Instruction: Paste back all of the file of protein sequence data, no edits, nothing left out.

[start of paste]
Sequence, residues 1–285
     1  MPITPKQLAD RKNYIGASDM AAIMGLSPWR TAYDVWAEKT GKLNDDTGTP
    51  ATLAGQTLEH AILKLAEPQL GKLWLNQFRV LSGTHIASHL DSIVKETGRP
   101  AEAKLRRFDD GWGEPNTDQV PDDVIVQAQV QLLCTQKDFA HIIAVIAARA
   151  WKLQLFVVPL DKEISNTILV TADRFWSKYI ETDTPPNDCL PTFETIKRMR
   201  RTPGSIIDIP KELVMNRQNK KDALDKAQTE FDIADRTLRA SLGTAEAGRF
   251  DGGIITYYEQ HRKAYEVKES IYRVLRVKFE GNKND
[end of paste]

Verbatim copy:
Sequence, residues 1–285
     1  MPITPKQLAD RKNYIGASDM AAIMGLSPWR TAYDVWAEKT GKLNDDTGTP
    51  ATLAGQTLEH AILKLAEPQL GKLWLNQFRV LSGTHIASHL DSIVKETGRP
   101  AEAKLRRFDD GWGEPNTDQV PDDVIVQAQV QLLCTQKDFA HIIAVIAARA
   151  WKLQLFVVPL DKEISNTILV TADRFWSKYI ETDTPPNDCL PTFETIKRMR
   201  RTPGSIIDIP KELVMNRQNK KDALDKAQTE FDIADRTLRA SLGTAEAGRF
   251  DGGIITYYEQ HRKAYEVKES IYRVLRVKFE GNKND